Website Accessibility Checklist

Share on FacebookShare on LinkedInShare on Twitter

Is my website accessible? How do I find out?

While working to educate yourself on web accessibility, you may have asked yourself these very questions.

The World Wide Web Consortium (W3c) is an international community that was established in 1994 to develop Web standards. They developed the Web Content Accessibility Guidelines (WCAG) as “a single shared standard for web content accessibility that meets the needs of individuals, organizations, and governments internationally.” This standard is what is used to determine accessibility of websites today.

The guidelines are organized under four principles: perceivable, operable, understandable, and robust.

  • Perceivable – Information and user interface components must be presentable to users in ways they can perceive. This means that users must be able to perceive the information being presented (it can’t be invisible to all of their senses)
  • Operable – User interface components and navigation must be operable. This means that users must be able to operate the interface (the interface cannot require interaction that a user cannot perform)
  • Understandable – Information and the operation of user interface must be understandable. This means that users must be able to understand the information as well as the operation of the user interface (the content or operation cannot be beyond their understanding)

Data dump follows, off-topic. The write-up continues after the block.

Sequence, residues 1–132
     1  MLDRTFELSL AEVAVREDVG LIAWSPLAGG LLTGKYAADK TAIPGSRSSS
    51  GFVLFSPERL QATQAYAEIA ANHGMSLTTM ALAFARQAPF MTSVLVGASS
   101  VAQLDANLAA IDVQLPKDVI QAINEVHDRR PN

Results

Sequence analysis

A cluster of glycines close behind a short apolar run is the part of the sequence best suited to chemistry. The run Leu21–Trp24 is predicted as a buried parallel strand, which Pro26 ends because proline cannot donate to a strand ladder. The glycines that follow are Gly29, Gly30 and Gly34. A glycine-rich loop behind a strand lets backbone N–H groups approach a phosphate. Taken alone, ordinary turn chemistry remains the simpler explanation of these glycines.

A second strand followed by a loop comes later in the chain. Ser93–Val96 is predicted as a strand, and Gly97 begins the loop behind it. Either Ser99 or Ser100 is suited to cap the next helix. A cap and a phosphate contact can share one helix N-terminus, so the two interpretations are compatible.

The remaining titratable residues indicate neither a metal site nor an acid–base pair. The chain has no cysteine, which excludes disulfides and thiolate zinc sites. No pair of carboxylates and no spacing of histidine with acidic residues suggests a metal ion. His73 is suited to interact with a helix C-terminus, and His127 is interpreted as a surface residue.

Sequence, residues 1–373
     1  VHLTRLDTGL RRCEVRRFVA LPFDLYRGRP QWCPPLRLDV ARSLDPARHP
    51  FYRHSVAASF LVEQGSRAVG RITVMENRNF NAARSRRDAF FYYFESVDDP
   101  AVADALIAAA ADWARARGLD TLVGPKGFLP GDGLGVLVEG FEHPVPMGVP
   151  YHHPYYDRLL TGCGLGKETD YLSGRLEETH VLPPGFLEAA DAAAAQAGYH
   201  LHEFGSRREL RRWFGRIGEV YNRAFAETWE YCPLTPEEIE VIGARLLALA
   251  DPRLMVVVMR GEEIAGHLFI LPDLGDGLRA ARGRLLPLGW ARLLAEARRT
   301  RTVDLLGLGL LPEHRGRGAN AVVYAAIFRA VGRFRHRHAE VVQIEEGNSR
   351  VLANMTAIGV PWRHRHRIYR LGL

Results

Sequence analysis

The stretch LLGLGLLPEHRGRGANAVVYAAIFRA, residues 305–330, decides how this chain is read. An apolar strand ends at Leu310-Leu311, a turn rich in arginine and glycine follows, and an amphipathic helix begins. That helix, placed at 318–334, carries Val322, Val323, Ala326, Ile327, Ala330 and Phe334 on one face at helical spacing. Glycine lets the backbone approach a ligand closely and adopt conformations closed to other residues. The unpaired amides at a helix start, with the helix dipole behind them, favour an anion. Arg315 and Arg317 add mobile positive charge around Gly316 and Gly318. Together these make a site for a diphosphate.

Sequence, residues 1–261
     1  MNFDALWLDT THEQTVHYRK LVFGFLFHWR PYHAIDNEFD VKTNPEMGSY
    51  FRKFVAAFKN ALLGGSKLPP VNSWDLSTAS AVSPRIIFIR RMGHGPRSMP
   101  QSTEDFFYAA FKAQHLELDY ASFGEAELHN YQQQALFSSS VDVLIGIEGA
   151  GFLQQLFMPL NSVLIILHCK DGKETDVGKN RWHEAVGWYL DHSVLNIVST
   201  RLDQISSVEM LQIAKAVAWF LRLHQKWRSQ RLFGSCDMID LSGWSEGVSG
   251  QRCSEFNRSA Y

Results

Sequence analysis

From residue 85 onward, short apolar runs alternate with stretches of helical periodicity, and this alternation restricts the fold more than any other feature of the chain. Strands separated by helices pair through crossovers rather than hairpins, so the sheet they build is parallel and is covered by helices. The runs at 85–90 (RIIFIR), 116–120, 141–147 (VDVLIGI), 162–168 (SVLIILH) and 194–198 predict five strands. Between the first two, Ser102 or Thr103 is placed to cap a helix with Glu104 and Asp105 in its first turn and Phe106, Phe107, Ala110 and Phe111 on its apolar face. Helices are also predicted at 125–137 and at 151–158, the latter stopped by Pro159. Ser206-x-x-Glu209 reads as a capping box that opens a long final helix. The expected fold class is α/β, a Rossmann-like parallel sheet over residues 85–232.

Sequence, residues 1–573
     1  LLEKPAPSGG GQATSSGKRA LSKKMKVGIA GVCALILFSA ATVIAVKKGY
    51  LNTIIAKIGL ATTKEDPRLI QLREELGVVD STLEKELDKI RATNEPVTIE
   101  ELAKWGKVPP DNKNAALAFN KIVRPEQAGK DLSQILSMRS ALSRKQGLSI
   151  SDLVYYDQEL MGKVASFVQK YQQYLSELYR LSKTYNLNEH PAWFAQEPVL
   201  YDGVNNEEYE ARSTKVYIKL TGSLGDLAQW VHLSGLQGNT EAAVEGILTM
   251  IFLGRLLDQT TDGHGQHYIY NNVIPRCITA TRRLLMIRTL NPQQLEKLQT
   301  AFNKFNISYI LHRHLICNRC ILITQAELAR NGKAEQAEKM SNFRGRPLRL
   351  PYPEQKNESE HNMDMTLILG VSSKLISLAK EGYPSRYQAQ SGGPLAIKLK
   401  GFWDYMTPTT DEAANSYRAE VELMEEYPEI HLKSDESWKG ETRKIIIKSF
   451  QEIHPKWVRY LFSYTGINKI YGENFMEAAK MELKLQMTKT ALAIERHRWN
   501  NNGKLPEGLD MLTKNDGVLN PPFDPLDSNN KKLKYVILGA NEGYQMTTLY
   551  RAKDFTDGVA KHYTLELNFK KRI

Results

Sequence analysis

• Robust – Content must be robust enough that it can be interpreted reliably by a wide variety of user agents, including assistive technologies. This means that users must be able to access the content as technologies advance (as technologies and user agents evolve, the content should remain accessible)

The idea behind these principles is that if any of the things listed above are not true, users with disabilities will not be able to use the Web.

The WCAG (now 2.0), includes over 50 accessibility checks, but if you are looking for some quick and easy wins, we have a ten-point checklist that includes some of the most common accessibility errors.

Take me to the download!

When you are ready to go further, take a look at WebAIM’s checklist. It is a more reader-friendly version of the official WCAG 2.0 standard.

Leave a Reply

You can use these HTML tags:

<a href="" title="" rel=""> <abbr title=""> <acronym title=""> <b> <blockquote cite=""> <cite> <code> <del datetime=""> <em> <i> <q cite=""> <s> <strike> <strong>